Tony Stark is the most female-coded of the male superheroes.

an ask meme for fic writers ♥
  • 1: what inspires you?
  • 2: one of your favorite comments/reviews on this chapter/verse?
  • 3: what motivates you?
  • 4: what time of the day/night do you like to write?
  • 5: do you write scenes in a linear fashion or do you write future scenes/dialogues sometimes?
  • 6: hardest/easiest character to write for?
  • 7: hardest/easiest verse to write for?
  • 8: (if you have either or both) how do you manage time with writing, work, school etc.?
  • 9: what tv shows, books, or movies inspire for this verse, if any?
  • 10: any writing advice?
  • 11: (if you use) what do you like about archiveofourown?
  • 12: anything you would do to make archiveofourown different/change it?
  • 13: why did ___(character) do ____ in this fic/verse/chapter/scene?
  • 14: what is the arc for this character (redemption, etc.)? 
  • 15: ask me any spoilers you’re curious about for a verse, and i’ll post the answer in the tags
  • 16: do you ever hand write? why or why not?
  • 17: do you listen to music while you write?
  • 18: any fanmixes you’ve made for this fic/verse?
  • 19: any edits or art you’ve made for this fic/verse/any edits readers have made? if not, what visuals would you use for one?
  • 20: what songs were you listening to during this scene/chapter?
  • 21: this character’s best/worst memory?
  • 22: favorite line/quote/inner monologue from this character?
  • 23: feelings on epistolary fic?
  • 24: do you outline?
  • 25: if you outline, do you edit it frequently?
  • 26: anything you’re planning to write in your fic that you’re worried readers might like?
  • 27: when you read fic, how often do you comment?
  • 28: any scene/line you wrote that you didn’t expect to write/that surprised you once it was written?
  • 29: do you eat or drink anything while you write?
  • 30: any backstory questions about characters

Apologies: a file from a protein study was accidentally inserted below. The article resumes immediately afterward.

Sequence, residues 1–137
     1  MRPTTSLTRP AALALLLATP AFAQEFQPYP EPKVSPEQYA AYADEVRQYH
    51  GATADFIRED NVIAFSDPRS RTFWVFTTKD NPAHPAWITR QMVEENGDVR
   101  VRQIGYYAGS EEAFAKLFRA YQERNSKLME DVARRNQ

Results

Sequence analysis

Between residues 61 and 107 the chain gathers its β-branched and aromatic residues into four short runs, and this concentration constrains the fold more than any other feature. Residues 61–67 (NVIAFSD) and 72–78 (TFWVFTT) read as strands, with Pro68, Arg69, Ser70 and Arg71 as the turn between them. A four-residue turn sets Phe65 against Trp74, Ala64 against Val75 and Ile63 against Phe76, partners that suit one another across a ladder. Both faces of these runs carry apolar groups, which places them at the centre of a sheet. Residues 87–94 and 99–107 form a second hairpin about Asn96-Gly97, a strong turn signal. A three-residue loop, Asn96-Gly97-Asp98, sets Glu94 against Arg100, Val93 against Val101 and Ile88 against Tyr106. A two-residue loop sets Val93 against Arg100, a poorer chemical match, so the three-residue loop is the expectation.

• 31: any other questions you want to ask
  • 32: what are your stats for this story/verse?
  • 33: favorite one-shot you’ve written?
  • 34: a scene/paragraph you wrote that you’re proud of
  • 35: any foreshadowing/symbolism you wrote that you hope readers didn’t miss?
  • 36: any scenes you wrote that parallel the canon verse?
  • 37: do you use quotes in the beginning notes/intro to your chapters? if so, what are some of your favorites/what are their significance?
  • 38: do you title your chapters? what’s your favorite chapter title? what’s its significance/why did you choose it?
  • 39: any alternate fic titles you were considering for this verse?
  • 40: chapter you’re most proud of in this verse?
  • 41: chapter that was the most fun to write in this verse?
  • 42: five songs that this character has on their iPod/iPhone?
  • 43: emoji this character uses the most whilst texting?
  • 44: have you shared your outline with anyone? if so, what did they think of it?
  • 45: anyone you share excerpts with?
  • 46: story with the most kudos (AO3)?
  • 47: story with the most comments?
  • 48: a happy future moment you’ve written/have planned for this ship? (will post under read more for spoilers)
  • 49: this character’s starbucks order?
  • 50: this character’s guilty pleasure?

“Yondu is the leader of the Ravagers, a group of Space Pirates. Yondu found Peter Quill when the ship he piloted malfunctioned and left him stranded. The Ravagers rescued him as Peter tried to steal their ship. Peter managed to outsmart every member of the crew and even knocked out Yondu before capturing him. 

After he woke up, Yondu managed to set himself free from his restraints, attacked Peter, and gave him a choice between letting himself be released to space without more trouble or getting killed right there. Peter instead asked him if he could join his crew. 

Yondu wasn’t sold on the idea, but after he found out Peter was like him, a kid without a home, Yondu changed his mind and let him stay in the ship with his pirate crew as the cleaning boy. Peter decided to stay and try to learn everything he could from space while he was part of the pirate crew.”

-Marvel comics, Earth-616

every time i see the empty birdcage and fishbowl in audrey’s apartment i am reminded of the beginning of “dentist” where orin brags about having harmed animals as a child and i immediately get sad